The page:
Like some of the finest examples of the science fiction and fantasy genres, these novels engage directly with the idea of ‘the Other’ and ask what happens when humanity just cannot comprehend the alien.
Akhil Sharma, the India-born American author has won the prestigious International Dublin Literary Award for his autobiographical novel, Family Life, a book he once almost gave up on.
The fellowships are awarded to scholars and writers working on the history of independent India.
For Raghu Karnad, recipient of this year’s Sahitya Akademi Yuva Puraskar for English, a passing generation held the key to a lost chapter in Indian history.
Karnad’s epic non-fiction account of the lives and deaths of three men in the Indian army is sweeping, passionate and intimate.
Through talking to many of the participants of the 1988 operation, Sushant Singh paints a picture that is both informative and readable.
Imperialism Past and Present challenges several existing notions about empires, colonists and imperialists, making it an interesting read.
Ajay Skaria talks about his new book, Unconditional Equality: Gandhi’s Religion of Resistance.
Wainaina said no bystanders came to his aid during the assault.
Madness allows us to challenge the stereotypes of the rational world.
Fiston Mwanza Mujila’s Tram 83 is a bold experiment in form, set in an anonymous ‘City-State,’ which unnervingly parallels the Democratic Republic of Congo.
A new performance based on the writings of Muslim women from about a century ago has important implications for the Indian feminist movement today.
Today we assume that early African-American writers inevitably wrote about race – finding Farro’s novel changes that.
Not just chocolates and noodles, even cooking oil made full use of kids to break through the clutter.
An excerpt from Rana Ayyub’s ‘Gujarat Files: The Anatomy of a Cover-Up’
Hopefully, in future, the critics will be more constructive and open to debate than the crowd that failed to shut down JLF SouthBank last weekend.
Llosa’s new novel is impressive in its dexterity as it traces political themes and tells of troubled lives in Lima. But is it a great work?
An excerpt from Office Chai, Planter’s Brew by S. Muthiah and Ranjitha Ashok
The South Korean author won the prize for her novel The Vegetarian.
With his new book, the author takes a step back from the urgency and desperate clamour attendant to a chronicle of cancer and into the more sterilised, yet even more transformative, world of genes.
Innovations and Turning Points: Toward a History of Kavya Literature is a joyous, exuberant and passionate celebration of the Sanskrit language and its most ornate literary form – kavya.
104 years after his birth, Manto continues to teach us about valuing the human above any ethical or political standpoint, through his stark Partition stories.
Sue the Messenger by Subir Ghosh and Paranjoy Guha Thakurta is not only a chronicle of legal harassment by corporates of investigative journalists who write about their questionable practices, but also of the resistance against it.
It is to writers like Nirala that we owe the creation of modern Hindi and the development of the Chhayavad movement.
A new book recounts the hostility Rajneesh faced from the people of Oregon when the Guru and his followers set up camp in a small community.
In this extract from Hindutva or Hind Swaraj, the celebrated writer dwells on the theme of crime and punishment.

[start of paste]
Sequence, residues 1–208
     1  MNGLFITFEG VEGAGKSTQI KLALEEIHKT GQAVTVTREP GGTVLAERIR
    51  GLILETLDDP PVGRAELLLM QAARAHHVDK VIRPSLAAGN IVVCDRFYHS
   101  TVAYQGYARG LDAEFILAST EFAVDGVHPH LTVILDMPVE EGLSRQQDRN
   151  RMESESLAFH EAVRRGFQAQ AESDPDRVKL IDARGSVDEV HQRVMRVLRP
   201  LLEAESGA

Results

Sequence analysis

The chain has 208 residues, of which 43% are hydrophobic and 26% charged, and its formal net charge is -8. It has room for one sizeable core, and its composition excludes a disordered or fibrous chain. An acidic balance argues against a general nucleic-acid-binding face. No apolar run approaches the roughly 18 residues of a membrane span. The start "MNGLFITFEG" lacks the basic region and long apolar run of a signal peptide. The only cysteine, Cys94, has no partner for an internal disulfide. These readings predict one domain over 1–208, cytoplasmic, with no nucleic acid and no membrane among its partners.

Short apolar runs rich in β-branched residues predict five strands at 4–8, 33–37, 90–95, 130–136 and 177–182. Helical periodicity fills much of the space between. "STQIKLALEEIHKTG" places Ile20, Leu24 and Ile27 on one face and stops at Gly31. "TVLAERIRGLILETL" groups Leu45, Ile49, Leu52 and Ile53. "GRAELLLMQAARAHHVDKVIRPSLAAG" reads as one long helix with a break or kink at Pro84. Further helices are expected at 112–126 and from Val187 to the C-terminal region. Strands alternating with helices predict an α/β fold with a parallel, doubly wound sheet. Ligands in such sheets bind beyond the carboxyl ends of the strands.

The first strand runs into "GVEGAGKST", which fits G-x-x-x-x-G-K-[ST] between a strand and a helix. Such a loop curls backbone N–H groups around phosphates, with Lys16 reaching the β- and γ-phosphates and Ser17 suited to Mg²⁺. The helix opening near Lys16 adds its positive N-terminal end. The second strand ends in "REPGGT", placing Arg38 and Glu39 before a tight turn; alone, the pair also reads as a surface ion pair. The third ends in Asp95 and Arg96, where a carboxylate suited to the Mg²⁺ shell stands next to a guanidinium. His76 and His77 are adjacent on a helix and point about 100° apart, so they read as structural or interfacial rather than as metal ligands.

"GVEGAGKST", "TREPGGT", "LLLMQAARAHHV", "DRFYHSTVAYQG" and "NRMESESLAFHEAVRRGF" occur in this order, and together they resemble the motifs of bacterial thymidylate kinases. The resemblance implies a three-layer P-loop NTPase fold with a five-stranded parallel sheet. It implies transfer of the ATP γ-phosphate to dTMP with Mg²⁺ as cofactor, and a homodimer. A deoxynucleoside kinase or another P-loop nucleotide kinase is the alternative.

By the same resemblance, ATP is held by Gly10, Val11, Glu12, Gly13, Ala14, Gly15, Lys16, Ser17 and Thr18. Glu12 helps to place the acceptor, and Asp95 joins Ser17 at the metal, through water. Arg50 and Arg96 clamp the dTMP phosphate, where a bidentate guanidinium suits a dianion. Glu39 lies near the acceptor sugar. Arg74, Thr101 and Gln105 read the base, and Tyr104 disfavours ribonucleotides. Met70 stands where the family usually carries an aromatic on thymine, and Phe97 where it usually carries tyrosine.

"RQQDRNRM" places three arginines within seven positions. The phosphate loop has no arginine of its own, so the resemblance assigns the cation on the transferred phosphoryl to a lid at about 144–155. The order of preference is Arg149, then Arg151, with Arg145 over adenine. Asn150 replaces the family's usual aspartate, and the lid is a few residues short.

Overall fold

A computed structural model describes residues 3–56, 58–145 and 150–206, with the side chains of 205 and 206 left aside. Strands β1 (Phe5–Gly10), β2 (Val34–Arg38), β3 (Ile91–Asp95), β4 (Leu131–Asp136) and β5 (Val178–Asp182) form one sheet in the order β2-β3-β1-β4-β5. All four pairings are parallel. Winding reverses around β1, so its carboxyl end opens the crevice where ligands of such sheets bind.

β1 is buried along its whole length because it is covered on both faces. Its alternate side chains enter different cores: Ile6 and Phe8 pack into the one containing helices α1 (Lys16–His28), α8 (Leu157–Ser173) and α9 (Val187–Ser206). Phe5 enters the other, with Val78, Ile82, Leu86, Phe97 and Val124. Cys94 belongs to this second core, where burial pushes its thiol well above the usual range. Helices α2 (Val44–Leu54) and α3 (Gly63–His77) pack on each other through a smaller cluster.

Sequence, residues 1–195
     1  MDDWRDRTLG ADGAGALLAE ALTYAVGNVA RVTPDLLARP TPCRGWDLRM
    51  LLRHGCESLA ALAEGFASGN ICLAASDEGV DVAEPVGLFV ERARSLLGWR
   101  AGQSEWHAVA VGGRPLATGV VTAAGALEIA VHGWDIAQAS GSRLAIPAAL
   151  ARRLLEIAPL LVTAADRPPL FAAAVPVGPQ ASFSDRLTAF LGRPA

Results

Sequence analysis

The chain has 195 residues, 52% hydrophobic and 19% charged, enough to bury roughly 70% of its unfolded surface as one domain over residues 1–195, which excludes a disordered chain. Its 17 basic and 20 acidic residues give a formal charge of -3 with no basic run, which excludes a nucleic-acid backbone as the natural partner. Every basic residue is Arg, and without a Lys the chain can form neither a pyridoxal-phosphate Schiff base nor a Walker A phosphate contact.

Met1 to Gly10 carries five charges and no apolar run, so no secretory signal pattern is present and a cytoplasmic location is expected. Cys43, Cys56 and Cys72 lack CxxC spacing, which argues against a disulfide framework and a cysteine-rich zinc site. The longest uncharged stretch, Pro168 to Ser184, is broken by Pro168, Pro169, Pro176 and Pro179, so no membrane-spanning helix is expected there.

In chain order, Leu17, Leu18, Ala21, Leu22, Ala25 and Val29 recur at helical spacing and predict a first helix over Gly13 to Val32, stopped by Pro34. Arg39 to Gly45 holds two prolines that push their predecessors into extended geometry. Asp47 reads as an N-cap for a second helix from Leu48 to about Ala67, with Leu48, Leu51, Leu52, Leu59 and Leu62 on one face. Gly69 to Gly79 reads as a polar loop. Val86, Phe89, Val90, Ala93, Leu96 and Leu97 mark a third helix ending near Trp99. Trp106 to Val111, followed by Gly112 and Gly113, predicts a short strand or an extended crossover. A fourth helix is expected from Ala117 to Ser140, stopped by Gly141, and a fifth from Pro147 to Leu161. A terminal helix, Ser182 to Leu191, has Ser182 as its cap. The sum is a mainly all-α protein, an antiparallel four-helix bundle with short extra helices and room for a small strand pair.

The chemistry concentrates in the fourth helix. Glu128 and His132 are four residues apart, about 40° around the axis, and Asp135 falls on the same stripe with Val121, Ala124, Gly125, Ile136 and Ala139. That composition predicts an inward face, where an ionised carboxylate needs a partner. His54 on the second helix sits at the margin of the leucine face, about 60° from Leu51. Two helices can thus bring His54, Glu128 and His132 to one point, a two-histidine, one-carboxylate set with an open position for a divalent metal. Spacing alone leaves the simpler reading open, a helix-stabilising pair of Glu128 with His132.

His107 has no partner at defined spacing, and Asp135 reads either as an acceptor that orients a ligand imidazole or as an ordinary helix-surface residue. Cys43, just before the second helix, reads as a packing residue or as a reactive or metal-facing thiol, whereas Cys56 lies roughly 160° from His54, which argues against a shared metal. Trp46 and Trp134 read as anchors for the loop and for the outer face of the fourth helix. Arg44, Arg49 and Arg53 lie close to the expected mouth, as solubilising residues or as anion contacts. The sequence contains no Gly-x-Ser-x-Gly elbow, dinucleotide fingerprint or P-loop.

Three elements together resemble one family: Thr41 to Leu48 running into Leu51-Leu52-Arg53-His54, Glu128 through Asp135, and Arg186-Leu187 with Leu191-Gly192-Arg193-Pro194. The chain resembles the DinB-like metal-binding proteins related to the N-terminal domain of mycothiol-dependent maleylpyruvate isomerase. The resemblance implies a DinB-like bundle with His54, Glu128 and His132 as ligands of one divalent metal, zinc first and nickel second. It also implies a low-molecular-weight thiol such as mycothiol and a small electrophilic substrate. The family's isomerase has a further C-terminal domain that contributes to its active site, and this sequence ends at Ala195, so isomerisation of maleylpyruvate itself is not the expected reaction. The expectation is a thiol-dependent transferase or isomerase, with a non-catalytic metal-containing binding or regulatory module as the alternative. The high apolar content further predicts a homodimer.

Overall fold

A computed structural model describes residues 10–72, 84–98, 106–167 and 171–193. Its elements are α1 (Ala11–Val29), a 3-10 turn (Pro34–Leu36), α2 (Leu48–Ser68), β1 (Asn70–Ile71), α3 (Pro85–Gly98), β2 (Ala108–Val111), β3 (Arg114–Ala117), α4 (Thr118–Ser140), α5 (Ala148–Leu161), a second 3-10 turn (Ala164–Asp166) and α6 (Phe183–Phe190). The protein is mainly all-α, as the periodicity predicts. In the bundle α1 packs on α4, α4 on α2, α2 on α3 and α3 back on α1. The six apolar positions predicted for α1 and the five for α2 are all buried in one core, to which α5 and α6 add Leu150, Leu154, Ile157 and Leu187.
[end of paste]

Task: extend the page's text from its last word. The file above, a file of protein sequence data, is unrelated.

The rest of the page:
Liu Cixin’s wildly popular Three Body trilogy mirrors China’s changing zeitgeist.
Mayank Shekhar’s new book ‘Name Place Animal Thing’ manages to capture the essence of modern India – the good, the bad and the ugly – with equal aplomb.
Satabdi Mishra and Akshaya Rautaray recently concluded their extensive “Read More India” tour, which encouraged book-lovers to browse and read a range of fiction and non-fiction books.
Migration and displacement, nostalgia about a pastoral age, decline and disaster run through Intizar Hussain’s classics Basti and The Sea Lies Ahead.
Girl-gone-bad, villains and comedians are among those who picked up a glass of liquor; no one in Hindi films drinks just for leisure
It is ironic that the demand to ban the book comes from those whose ideology was far from anti-colonial, or in sympathy with establishing a secular democratic nation, the kind of nation that Bhagat Singh was working towards.
In his book India’s War, The Making of Modern South Asia 1939-45 Raghavan touches on the human and environmental impact of the war.
Dharamvir Bharati’s 1949 classic novel exploring caste, social propriety and love, which has been translated from the Hindi by Poonam Saxena, remains relevant to this day.
It is our lack of knowledge about Shakespeare’s heart that makes him incomparably enigmatic, more so than any other playwright or poet in history.
A committed activist and writer, he dedicated his life to working with the disenfranchised.
The unfashionable world of Blyton’s school stories still has much to say about what it means to live an ethical life.
An excerpt from Sue the Messenger: How legal harassment by corporates is shackling reportage and undermining democracy in India
How do we explain Bhagat Singh’s prominence over his fellow martyrs, such as Chandrashekhar Azad? His hat portrait, and the extraordinary campaign around it, holds some of the answers to this enduring question.
Those who claim that India is the product of just one religion and culture would do well to read Sunil Khilnani’s eclectic selection of fifty lives who show that India has always absorbed myriad influences, says Sidharth Bhatia.